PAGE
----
3D printing is being used more widely in the medical industry, however. “I know that it is being put to good use in hospitals by surgeons to support things like preoperative preparation,” says Miles. “But this is on an individual or bespoke basis, which is a different field to making a mass-produced device.”
A lengthy process of groundwork
When talking about time frames in manufacturing, it is the groundwork that is the lengthiest aspect, rather than the production itself. “When you’ve finished the design, you’re happy with it and you want to start getting it made, you need to go through a long process until you’re at the point where you’ve got a manufacturing line in place, and you can press go and then start churning out efficient products that you know are going to be repeatable, reliable and safe,” says Miles. “If they are not, we have to have processes in place to catch any duff ones on the line before they get anywhere near reaching a user. That takes a long time to prepare for.”
After this work has been completed, the rest of the steps are relatively straightforward. “Once you’ve got there, the complexities of on demand just come down to how long it takes to place an order, through to the point where that feeds back to the factory to make the order that has been placed,” says Miles. “In that way, all manufacturing is on demand, it’s just about shortening that time between something being made to it being delivered to the user, bypassing warehouses and stockpiling.”
Work to make devices reusable rather than disposable
Although 3D printing is exciting, all the usual boxes have to be ticked. “Regardless of the technology, you’re still going to need a system that can order raw materials, a system that can package and deliver the product that you want to make to then distribute it somewhere,” explains Miles. “So really, on-demand manufacturing is a cover-all description for something that is complex. It makes it seem simple, but underneath there are more traditional manufacturing methods happening; it’s just how you manage them, and make them slicker and quicker.”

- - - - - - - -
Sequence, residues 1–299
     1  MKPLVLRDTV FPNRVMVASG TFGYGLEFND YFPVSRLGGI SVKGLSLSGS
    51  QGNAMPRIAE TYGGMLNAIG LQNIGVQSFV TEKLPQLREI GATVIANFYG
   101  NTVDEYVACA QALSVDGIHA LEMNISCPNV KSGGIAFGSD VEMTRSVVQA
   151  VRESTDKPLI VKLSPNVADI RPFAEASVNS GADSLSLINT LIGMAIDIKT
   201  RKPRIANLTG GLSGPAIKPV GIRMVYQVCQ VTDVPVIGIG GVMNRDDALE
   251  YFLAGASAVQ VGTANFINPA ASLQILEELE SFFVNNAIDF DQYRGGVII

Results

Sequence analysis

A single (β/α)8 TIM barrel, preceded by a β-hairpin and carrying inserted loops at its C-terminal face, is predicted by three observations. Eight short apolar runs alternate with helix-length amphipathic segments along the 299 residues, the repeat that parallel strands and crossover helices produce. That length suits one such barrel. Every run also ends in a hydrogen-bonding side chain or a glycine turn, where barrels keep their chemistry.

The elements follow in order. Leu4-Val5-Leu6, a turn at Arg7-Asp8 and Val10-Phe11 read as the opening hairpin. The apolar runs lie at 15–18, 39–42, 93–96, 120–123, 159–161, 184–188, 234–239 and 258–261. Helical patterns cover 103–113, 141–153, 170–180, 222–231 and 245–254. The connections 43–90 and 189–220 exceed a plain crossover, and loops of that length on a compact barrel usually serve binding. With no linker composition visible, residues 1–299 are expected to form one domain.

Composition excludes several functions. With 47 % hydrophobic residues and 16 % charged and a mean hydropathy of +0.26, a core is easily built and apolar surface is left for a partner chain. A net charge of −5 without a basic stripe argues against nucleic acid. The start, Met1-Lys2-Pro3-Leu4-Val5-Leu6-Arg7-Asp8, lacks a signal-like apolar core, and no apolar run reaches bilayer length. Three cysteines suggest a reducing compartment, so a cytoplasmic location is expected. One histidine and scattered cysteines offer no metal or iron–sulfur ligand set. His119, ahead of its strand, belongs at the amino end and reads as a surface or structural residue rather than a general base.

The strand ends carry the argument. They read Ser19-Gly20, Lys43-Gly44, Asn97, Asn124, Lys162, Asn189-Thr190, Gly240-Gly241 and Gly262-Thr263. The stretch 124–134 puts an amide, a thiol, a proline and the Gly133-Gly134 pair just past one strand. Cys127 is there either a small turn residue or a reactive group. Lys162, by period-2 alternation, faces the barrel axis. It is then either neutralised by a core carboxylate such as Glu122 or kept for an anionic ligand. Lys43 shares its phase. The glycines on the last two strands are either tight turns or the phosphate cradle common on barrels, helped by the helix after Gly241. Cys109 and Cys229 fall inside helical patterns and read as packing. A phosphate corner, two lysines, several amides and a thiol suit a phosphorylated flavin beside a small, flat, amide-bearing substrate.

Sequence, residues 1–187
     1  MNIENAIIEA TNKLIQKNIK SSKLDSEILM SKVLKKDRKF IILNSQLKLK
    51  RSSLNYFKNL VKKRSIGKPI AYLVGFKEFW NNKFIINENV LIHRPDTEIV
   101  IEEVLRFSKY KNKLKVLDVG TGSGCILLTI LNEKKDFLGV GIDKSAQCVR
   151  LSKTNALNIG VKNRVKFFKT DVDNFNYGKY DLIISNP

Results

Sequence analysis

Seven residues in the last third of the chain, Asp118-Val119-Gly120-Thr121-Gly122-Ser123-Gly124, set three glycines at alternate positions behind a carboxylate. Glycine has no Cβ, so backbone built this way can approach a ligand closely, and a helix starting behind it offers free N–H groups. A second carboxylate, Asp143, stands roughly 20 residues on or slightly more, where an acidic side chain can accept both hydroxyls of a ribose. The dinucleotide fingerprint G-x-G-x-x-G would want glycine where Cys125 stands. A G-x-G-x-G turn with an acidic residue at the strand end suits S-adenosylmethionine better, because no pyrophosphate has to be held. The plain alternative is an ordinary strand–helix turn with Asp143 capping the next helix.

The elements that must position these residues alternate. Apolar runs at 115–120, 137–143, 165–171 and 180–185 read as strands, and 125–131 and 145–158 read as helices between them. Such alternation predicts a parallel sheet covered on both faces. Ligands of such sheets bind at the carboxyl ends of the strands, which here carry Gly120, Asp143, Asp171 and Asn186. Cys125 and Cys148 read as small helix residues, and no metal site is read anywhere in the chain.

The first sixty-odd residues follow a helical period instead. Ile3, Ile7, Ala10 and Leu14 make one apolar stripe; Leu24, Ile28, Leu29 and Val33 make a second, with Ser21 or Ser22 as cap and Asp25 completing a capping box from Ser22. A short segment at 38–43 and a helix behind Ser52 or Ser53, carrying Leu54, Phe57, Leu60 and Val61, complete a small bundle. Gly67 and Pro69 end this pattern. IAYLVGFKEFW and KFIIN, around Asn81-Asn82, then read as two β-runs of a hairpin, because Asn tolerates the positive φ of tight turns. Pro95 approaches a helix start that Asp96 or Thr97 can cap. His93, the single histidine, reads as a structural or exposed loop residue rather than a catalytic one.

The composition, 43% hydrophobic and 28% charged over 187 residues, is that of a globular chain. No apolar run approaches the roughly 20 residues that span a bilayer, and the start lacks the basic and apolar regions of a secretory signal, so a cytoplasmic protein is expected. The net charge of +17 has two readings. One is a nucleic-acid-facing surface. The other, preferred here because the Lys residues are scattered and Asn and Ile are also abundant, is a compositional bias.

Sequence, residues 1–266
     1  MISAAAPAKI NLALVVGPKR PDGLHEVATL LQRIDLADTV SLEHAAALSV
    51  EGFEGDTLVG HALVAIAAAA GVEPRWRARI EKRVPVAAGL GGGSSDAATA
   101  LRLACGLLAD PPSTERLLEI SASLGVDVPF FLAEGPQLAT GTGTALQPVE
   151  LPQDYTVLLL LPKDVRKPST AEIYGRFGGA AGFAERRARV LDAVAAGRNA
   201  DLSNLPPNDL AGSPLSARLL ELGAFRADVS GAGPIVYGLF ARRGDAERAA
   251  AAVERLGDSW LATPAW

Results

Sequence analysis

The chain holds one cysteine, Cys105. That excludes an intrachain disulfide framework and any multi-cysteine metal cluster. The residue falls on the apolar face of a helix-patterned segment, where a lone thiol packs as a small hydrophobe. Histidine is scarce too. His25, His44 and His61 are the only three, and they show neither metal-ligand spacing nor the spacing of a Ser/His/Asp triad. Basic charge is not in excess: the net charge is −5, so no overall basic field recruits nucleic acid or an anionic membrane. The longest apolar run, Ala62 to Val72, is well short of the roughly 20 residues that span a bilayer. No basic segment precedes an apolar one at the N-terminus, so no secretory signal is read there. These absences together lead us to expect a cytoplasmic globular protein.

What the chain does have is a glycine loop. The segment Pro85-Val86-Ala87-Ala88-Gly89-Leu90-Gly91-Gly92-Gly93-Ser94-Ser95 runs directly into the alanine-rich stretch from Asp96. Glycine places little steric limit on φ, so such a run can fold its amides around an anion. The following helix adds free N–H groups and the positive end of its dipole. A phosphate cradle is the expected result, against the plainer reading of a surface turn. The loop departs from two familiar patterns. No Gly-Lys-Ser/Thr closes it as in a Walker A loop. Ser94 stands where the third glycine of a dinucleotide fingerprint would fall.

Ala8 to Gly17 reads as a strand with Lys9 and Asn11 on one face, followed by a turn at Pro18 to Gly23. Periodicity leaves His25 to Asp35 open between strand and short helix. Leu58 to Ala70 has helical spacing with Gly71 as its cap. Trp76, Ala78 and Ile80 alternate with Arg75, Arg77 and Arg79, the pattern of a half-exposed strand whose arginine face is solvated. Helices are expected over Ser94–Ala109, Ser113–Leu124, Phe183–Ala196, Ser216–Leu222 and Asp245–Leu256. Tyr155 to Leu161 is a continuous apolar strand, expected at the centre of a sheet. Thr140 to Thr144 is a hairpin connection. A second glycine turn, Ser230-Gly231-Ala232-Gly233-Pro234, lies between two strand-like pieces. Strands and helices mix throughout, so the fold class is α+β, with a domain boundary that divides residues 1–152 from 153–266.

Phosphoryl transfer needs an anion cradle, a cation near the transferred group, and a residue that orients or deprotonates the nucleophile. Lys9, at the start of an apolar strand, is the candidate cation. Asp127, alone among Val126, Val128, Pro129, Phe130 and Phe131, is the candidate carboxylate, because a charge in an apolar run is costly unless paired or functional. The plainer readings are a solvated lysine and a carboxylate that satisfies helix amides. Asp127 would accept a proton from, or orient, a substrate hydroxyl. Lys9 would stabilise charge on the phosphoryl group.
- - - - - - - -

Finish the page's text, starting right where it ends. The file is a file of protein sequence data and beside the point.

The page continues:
Looking to the future, Miles expects more significant changes to be seen in terms of materials rather than processes. “I think we are still going to be using traditional manufacturing methods, things like injection moulding and automated assembly processes, things like that,” says Miles. “Where things are changing more is within the raw materials that we use. There are hundreds of thousands of types of plastics in the world, but only a small percentage can be used in medical devices. A lot of effort is going into getting more sustainable materials approved for manufacturing medical devices.”
On the topic of sustainability, there is also greater consideration of what happens to devices once they have served their purpose.
“There is a lot of work going into making devices reusable, rather than disposable, and if they are disposable, trying to ensure that the aspects that can be recycled are recycled,” explains Miles. “That wasn’t the case 15 years ago. It doesn’t sound super sexy in the medical device industry because, to a certain extent, we are always a step behind other industries. It’s a field that needs a bit of radicalisation, but it is also one that is going to move slowly because of the regulation.”
This article originally appeared in the 2019 Vol 2 edition of Medical Device Developments. The full issue can be viewed here.